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The MEDD myth: the impact of pseudoscience on pain research and prescribing-guideline development

Authors Fudin J, Pratt Cleary J, Schatman M

Received 4 March 2016

Accepted for publication 4 March 2016

Published 23 March 2016 Volume 2016:9 Pages 153—156

DOI https://doi.org/10.2147/JPR.S107794

Checked for plagiarism Yes

Jeffrey Fudin,1 Jacqueline Pratt Cleary,2 Michael E Schatman3

1Western New England University College of Pharmacy, Springfield, MA, 2Stratton VA Medical Center, Albany, NY, 3US Pain Foundation, Bellevue, WA, USA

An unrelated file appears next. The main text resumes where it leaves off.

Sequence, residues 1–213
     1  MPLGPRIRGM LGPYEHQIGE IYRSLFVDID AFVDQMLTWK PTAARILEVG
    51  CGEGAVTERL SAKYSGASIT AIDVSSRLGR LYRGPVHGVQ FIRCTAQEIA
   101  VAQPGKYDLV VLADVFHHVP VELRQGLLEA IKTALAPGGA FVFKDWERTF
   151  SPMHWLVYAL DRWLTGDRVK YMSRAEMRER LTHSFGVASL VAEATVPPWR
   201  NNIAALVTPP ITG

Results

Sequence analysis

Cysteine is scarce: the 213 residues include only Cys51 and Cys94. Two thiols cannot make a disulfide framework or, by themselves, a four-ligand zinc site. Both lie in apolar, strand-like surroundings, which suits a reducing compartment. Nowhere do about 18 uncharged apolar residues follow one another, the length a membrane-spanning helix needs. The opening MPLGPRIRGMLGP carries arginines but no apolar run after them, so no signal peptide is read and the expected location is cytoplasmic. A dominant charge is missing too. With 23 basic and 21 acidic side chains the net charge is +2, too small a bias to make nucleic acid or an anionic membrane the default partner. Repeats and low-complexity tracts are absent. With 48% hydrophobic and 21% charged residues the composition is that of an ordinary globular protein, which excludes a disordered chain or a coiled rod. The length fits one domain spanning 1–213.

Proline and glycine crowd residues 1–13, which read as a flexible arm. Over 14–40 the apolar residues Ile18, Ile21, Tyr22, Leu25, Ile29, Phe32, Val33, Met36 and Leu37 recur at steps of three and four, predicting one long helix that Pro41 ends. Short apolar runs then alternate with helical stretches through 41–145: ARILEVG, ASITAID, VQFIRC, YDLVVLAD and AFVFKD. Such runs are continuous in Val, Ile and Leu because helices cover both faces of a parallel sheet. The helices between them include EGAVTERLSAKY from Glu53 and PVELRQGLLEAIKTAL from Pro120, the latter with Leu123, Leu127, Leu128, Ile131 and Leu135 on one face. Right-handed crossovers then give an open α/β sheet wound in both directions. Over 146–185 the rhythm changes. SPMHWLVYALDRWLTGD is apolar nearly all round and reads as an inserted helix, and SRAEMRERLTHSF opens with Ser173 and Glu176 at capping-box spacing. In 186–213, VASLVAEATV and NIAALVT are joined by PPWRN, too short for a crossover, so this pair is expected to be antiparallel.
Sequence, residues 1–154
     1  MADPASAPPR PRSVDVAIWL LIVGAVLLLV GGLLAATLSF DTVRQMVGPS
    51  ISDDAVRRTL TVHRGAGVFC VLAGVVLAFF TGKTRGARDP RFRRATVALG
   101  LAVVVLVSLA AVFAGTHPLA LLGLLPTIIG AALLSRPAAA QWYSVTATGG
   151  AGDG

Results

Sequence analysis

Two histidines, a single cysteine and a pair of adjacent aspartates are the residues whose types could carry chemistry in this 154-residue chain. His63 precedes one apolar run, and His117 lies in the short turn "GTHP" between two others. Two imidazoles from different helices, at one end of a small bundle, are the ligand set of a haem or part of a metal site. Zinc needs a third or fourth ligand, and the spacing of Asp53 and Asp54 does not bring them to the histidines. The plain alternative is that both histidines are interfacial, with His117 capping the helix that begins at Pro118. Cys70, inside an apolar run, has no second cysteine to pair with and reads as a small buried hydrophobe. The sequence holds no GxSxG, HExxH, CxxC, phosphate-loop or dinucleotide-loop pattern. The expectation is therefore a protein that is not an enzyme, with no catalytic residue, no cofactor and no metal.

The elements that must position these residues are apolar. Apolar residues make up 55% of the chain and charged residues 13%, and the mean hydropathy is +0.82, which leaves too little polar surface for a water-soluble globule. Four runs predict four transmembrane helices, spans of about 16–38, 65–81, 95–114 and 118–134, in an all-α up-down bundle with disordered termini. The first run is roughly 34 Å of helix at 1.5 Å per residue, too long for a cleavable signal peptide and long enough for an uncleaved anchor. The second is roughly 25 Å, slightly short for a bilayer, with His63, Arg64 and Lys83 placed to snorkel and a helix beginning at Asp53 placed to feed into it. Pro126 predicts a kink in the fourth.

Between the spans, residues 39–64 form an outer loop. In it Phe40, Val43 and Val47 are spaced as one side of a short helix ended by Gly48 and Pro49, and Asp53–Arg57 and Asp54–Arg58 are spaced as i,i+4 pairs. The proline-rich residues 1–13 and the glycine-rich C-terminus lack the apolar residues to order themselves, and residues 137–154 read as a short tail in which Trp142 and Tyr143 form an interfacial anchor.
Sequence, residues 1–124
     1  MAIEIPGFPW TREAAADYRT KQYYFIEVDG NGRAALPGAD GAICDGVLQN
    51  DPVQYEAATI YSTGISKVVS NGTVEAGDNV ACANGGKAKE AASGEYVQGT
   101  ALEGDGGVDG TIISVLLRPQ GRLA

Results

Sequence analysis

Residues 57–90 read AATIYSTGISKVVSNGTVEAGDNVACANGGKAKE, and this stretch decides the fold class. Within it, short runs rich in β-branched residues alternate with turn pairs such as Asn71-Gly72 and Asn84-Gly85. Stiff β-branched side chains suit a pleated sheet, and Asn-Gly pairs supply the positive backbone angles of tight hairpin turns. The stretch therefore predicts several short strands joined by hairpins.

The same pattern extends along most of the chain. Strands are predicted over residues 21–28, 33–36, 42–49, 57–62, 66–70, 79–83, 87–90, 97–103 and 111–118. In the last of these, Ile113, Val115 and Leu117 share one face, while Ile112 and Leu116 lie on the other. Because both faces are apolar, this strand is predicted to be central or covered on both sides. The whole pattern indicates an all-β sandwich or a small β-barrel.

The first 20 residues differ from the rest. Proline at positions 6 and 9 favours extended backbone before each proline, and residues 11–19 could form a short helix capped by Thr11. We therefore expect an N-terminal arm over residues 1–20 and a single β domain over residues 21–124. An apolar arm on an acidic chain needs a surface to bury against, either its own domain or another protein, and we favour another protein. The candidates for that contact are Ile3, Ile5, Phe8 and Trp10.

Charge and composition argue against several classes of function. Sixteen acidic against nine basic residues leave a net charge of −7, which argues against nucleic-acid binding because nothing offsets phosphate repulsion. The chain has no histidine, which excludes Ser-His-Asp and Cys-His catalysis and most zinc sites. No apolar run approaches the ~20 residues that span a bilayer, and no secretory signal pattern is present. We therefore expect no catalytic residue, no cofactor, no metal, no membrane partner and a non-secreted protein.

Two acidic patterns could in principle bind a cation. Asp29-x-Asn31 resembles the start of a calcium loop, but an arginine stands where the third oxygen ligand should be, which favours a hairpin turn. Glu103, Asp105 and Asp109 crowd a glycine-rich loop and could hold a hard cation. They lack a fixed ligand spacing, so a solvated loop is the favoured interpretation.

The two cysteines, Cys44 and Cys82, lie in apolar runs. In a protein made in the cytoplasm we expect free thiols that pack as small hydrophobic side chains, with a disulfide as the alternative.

With the opioid-misuse and -abuse problem on the rise, pain practitioners and lawmakers are scrambling for strategies to help mitigate opioid risks. Approaches include opioid-treatment agreements, urine drug testing, prescription-monitoring programs, assorted validated risk-assessment tools for abuse/misuse and opioid-induced respiratory depression (OIRD), biopsychosocial support, and other strategies.1–3 Nonopioid pain therapies should be considered and maximized prior to initiating opioid treatment; however, in some cases opioids are the optimal choice for both noncancer and cancer-related pain syndromes.4


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